WASHINGTON (Reuters) - U.S. Secretary of State John Kerry met on Tuesday with about 10 of the 51 State Department officials who last week wrote a cable disagreeing with U.S. policy toward Syria and arguing for "a more militarily assertive U.S. role."
Multiple U.S. officials have said they do not expect the memo, conveyed through the State Department's relatively rarely used "dissent channel," a conduit for voicing contrary views, to change U.S. President Barack Obama's policy.
In the cable, the diplomats call for military strikes against President Bashar al-Assad's government to stop its persistent violations of a civil war ceasefire
- Labrador retriever fetches top U.S. dog breed honor for record 28th year7 Pictures
- Oscars 2019: Red carpet looks and full list of winners36 Pictures
Obama's policy toward Syria, where a civil war has burned for more than five years, has been predicated on the goal of avoiding deeper military entanglements in the Middle East, and has been widely criticized as hesitant and risk-averse.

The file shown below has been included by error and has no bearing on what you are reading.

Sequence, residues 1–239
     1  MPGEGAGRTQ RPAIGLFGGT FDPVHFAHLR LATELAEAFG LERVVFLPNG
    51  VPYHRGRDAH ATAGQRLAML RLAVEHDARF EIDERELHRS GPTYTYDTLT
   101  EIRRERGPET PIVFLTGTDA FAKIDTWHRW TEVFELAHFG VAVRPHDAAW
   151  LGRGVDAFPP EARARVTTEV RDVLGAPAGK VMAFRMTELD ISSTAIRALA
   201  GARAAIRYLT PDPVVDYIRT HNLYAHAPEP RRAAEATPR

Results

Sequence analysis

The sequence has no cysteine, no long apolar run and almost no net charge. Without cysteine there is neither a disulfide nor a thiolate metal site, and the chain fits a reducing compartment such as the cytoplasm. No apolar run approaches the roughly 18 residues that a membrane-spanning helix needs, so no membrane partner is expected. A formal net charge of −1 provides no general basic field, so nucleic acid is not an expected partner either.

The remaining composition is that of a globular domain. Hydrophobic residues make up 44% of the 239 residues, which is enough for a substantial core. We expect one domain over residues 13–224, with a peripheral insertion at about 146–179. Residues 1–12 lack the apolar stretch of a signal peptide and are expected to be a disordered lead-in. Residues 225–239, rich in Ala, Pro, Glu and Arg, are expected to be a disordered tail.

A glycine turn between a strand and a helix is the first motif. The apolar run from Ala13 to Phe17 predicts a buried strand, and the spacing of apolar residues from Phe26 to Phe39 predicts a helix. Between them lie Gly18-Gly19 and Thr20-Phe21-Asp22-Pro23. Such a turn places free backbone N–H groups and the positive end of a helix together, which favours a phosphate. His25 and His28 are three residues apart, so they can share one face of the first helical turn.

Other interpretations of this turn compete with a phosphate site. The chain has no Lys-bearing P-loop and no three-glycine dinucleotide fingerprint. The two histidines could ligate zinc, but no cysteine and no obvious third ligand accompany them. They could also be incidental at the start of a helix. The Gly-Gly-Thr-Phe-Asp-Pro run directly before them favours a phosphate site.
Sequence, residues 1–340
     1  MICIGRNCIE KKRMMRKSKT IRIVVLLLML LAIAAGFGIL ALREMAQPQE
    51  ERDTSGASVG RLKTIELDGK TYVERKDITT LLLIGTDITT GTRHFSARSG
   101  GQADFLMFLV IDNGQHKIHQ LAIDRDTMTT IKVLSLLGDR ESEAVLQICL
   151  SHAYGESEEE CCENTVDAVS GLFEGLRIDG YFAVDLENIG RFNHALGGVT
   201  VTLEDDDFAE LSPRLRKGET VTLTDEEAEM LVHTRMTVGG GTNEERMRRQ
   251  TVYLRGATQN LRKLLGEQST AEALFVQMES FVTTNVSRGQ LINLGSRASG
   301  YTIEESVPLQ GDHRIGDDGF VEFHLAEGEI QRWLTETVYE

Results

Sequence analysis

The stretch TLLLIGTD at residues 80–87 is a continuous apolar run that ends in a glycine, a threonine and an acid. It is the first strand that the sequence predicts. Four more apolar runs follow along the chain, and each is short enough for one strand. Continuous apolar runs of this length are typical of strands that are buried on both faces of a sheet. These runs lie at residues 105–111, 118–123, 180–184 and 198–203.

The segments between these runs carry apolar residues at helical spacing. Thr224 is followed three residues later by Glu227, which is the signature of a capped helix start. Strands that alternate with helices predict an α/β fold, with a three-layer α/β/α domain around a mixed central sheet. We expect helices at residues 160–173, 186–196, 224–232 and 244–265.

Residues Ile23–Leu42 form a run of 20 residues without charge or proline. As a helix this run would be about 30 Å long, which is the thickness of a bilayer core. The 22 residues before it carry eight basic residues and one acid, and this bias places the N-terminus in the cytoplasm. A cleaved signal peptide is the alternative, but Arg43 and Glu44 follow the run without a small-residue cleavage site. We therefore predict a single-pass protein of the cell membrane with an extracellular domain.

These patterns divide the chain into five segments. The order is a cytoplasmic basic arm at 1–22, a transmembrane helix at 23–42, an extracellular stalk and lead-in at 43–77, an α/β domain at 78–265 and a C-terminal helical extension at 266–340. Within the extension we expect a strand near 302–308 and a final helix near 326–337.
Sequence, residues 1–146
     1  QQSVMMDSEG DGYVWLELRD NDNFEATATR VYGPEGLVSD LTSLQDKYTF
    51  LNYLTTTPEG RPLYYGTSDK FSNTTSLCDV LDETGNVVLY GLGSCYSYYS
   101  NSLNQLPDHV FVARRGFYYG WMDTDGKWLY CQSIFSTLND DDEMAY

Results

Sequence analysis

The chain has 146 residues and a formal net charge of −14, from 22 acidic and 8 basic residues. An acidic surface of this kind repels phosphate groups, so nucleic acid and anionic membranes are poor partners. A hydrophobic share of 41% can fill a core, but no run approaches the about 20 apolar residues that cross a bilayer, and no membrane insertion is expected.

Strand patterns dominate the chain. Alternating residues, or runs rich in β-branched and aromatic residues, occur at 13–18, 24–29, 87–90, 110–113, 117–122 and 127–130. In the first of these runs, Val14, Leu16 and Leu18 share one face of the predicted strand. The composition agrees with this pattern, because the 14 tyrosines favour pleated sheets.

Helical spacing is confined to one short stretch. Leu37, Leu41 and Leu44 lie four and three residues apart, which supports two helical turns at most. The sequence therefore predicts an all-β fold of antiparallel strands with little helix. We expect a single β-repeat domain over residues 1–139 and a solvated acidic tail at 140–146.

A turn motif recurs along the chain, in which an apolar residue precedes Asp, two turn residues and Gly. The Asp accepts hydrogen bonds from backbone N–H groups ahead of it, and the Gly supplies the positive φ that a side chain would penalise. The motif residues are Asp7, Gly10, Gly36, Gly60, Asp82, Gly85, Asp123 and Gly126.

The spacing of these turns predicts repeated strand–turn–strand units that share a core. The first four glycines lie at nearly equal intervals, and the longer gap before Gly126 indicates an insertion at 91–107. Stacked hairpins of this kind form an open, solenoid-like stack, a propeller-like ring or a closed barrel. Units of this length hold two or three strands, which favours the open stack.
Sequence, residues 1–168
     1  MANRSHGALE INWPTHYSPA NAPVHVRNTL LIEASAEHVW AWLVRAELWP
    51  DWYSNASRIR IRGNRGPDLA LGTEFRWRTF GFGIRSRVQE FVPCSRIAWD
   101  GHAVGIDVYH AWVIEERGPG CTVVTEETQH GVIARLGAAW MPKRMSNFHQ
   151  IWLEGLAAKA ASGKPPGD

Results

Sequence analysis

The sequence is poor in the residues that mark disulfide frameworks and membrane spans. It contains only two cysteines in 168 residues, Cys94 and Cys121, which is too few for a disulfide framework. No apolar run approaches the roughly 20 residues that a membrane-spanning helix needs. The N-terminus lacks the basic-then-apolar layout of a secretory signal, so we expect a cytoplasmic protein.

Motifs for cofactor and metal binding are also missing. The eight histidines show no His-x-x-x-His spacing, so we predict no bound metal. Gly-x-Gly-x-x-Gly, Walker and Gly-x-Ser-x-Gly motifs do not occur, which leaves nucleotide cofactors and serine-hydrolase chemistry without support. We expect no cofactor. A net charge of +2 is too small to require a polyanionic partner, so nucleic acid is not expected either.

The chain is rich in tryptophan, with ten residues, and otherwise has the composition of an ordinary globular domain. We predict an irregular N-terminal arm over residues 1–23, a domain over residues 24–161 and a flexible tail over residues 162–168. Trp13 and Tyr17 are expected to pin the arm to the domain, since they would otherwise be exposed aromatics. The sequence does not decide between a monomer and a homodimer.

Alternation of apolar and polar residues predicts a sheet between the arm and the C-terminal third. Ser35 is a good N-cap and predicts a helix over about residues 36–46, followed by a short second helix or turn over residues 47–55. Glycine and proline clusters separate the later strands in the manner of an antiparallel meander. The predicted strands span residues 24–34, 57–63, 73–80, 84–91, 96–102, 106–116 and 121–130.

Obama's limited intervention has focused on fighting the Islamic State militant group that controls a swathe of Syria and Iraq and that has inspired attacks on U.S. soil. The memo by the State Department officials demanded a more muscular stance.
While State Department spokesman John Kirby said that Kerry had met with about 10 of the officials for half an hour on Tuesday, he declined to provide details of their discussion about the cable, which the department has not made public.
"We believe that achieving our objectives will continue to elude us if we do not include the use of military force as an option to enforce the Cessation of Hostilities (CoH) and compel the Syrian regime to abide by its terms as well as to negotiate a political solution in good faith," said a draft of the memo posted online by The New York Times.
(Reporting by Arshad Mohammed; Editing by Sandra Maler)